ANOTHER ARCHIVAL HILLBILLY AT HARVARD
February 25, 1995, to be exact. Old Sinc has just returned from three weeks in Las Vegas, Larry Flint is there as well, and we’re expecting The James King Band. We’re in our new studios in Pennypacker Hall. However, the WHRB Trustees, “The Suits,” as Sinc calls them, have taken over sumptuous Studio B. James and band have to warm up in the Classical Music Library, and end up crowding into our small studio BC (‘B Control’) and playing single-file on one mic. Amazingly, it sounds great!
Actually, I was intending to use the live segment (which David Elliott had edited down for me) as filler for another Archival show that ran short, but then I found the original DAT recording of most of the 1995 show (tape started late, so about 3.5 hours), and enjoyed listening to it so much that I decided to run it this Saturday (July 10th). Sinc was in fine fettle, and Larry and I provided ample foils for his jokes. It’s a great example of the impromptu inanity of Hillbilly at Harvard in its prime, providing a knowledgeable but comical alternative to commercial country radio.
And of course we had the honor then of hosting the great James King, however inelegantly. This was not NPR; this was Studio BC, about 150 square feet, crammed with three disk jockeys, five musicians, and an audience including Rounder co-founder Ken Irwin (who spends some time on air with Sinc talking about Alison Krauss’s sudden emergence in the country charts with ‘When You Say Nothing at All’). James and company pull off the set with great alacrity and good humor.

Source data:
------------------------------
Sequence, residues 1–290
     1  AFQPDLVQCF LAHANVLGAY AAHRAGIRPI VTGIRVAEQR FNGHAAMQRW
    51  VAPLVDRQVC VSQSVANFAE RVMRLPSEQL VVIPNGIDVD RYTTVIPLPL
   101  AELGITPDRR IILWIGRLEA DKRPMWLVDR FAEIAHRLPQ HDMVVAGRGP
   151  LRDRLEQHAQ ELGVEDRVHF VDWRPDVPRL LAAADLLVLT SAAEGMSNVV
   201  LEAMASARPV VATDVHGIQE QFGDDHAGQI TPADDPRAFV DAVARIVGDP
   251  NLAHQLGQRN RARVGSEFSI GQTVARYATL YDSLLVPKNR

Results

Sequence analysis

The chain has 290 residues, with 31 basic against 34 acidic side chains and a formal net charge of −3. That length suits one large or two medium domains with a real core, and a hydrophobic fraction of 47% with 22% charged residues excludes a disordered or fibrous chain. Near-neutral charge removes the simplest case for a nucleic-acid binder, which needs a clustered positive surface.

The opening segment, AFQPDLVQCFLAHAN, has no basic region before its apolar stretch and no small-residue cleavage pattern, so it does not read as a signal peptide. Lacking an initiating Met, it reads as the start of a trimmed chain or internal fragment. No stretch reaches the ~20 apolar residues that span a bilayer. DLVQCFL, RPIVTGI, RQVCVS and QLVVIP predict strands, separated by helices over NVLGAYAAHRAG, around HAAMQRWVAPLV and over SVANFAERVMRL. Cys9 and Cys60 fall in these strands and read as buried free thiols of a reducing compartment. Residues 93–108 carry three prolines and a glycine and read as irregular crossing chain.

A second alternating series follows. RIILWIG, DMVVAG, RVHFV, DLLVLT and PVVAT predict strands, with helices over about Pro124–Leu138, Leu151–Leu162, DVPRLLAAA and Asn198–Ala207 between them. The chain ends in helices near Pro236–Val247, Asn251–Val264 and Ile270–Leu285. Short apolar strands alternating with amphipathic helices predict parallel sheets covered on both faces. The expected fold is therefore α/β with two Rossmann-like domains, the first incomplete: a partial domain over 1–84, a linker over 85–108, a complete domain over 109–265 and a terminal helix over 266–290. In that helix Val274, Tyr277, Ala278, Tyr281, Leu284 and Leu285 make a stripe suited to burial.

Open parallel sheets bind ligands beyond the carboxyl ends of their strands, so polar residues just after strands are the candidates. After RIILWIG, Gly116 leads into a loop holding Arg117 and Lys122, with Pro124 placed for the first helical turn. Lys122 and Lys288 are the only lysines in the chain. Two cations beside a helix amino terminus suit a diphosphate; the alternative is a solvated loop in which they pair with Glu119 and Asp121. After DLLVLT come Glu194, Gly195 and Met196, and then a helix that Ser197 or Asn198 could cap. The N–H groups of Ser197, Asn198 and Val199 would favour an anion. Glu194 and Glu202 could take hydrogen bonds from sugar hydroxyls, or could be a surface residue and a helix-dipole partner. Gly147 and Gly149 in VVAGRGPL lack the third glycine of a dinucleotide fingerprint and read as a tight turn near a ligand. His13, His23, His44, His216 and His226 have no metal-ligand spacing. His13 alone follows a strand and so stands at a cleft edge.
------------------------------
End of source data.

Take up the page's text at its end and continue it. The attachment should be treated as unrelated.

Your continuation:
This was James’s first visit to Boston, planning to record his second album with Rounder; he was playing that Saturday night at the Museum of Our National Heritage (as it was then called) with Lou Reid and Carolina, sponsored by the Boston Bluegrass Union. We spent so much time talking about the comfortable chairs (versus traditional church pews) that I wonder if it wasn’t the BBU’s first show at the Museum.
James was to return to HAH in November, and at other times. He died in 2016 (see HERE, though I never did a full appreciation). James King, from Carroll County, Virginia, was in my mind the closest bluegrass-country singer to Carter Stanley we’ve ever had (Carter was James’s hero, of course). He was a big, affable fellow with a warm heart, who conveyed real feeling in his singing. I hope you share some of the thrill I get when listening to him live on the radio, and some of the sadness, too, that we lost his voice so early. /CL